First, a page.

“Keep flossing: A new study finds that gum disease may raise the chances of hospitalization or death if COVID-19 strikes.” WebMD (Gum disease, also known as periodontitis, usually follows gum inflammation.)
Since the beginning of the COVID pandemic, we’ve been playing catch up. Scientists and researchers are trying to piece together important parts of this novel disease. Over a year later, we’ve gained much knowledge but there’s still much to learn. After all, the modern world has not faced a threat such as this.
Because our tribe is our primary concern (that’s you), we read widely so we can keep you informed. So, when we read a study that linked gum disease (periodontitis) and COVID-19, we felt it was important to share its findings.
The study titled, Association between periodontitis and severity of COVID‐19 infection: A case–control study, was published on February 1 this year in the Journal of Clinical Periodontology.
Researchers investigated 568 patients who had suffered from COVID‐19. They were divided into two groups to work out if disease severity was linked to gum disease. The first group included people who were admitted to the intensive care unit (ICU), placed on assisted ventilation, or who died. The second group included those who were infected with COVID‐19 but did not experience major complications.
The study found that gum disease was associated with COVID‐19 complications.1 Periodontitis increased the risk of ICU admission, the need for assisted ventilation and, sadly, death; i.e., those with poor oral health are at greater risk of COVID-19 severity.
How could COVID-19 severity be linked to gum disease or inflammation?
One argument is that oral health is a reflection of your overall health and resilience to disease. Would a wise farmer buy a horse whose teeth are bad or gums infected? Another theory relates to the oral mucosa, which is akin to the “skin” inside the mouth. It covers the tongue, inner cheeks, inside of the lips and the area around the base of the teeth.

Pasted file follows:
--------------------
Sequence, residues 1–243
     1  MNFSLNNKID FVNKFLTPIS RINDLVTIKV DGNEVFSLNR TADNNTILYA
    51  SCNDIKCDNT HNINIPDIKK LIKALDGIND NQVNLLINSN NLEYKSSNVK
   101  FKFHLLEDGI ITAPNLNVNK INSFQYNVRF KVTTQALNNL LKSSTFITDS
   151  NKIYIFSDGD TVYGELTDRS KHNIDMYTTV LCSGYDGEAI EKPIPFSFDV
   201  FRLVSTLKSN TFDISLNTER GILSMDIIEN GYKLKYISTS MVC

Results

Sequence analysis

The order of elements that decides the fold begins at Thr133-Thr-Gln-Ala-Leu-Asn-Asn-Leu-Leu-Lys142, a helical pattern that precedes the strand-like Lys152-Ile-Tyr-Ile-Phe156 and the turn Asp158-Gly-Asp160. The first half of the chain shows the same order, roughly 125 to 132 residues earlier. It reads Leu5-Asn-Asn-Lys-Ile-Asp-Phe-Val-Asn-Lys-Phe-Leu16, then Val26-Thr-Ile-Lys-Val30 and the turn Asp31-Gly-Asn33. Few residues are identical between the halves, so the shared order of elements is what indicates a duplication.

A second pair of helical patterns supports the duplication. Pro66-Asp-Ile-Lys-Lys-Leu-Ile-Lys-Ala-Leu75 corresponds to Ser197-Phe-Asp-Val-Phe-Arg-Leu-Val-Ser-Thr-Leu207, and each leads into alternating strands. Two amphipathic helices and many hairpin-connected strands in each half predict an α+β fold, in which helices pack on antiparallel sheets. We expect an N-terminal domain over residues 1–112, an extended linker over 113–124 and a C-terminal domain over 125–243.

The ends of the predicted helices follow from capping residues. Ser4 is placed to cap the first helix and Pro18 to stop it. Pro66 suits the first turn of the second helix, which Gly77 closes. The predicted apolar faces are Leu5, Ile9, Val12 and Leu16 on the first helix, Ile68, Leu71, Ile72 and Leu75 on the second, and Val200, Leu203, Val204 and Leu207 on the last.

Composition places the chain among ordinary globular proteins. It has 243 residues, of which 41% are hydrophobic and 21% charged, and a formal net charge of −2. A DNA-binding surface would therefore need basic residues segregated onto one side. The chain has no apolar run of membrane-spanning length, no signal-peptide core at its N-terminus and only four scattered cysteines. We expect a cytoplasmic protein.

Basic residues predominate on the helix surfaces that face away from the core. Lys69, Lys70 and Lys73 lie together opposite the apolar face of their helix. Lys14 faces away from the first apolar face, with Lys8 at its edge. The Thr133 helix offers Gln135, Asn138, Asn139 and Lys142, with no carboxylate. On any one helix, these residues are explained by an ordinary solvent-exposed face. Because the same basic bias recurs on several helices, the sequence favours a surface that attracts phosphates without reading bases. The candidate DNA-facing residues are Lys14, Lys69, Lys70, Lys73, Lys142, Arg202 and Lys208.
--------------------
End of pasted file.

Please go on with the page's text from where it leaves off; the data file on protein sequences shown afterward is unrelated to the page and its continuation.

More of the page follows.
A study published in the International Journal of Oral Science found that this mucosa plays a key role in how the virus gains entry to our cells and causes infection.
These two studies suggest that poor oral health may allow the virus to more easily enter the body, and possibly in greater numbers. This is important. Other researchers have said, “We think that the dose-response… plays an important role in the severity of the COVID-19 epidemic.”2
What is dose-response?
Imagine a hose. When slightly turned on, only a small amount of water can come through the end. When the hose has holes or leaks (or is turned on full blast), the spray is large, powerful and expansive. In the case of COVID-19, think of inflamed/diseased gums as a hose that is leaking everywhere (or turned on full blast). The virus in the water now has a large and powerful entrance to your body.
In essence: higher doses equal worse outcomes.
How can we reduce the risk?
This research provides a spotlight on “the importance of good oral care during the COVID-19 pandemic”, which helps reduce the risk or severity.
Regular brushing, daily flossing, frequent tongue scraping, and oil pulling3 each reduce our bacterial load and help improve our oral health. Mucosa included.
As always, when we hear of research that may help you to safely navigate through the global pandemic, we will let you know.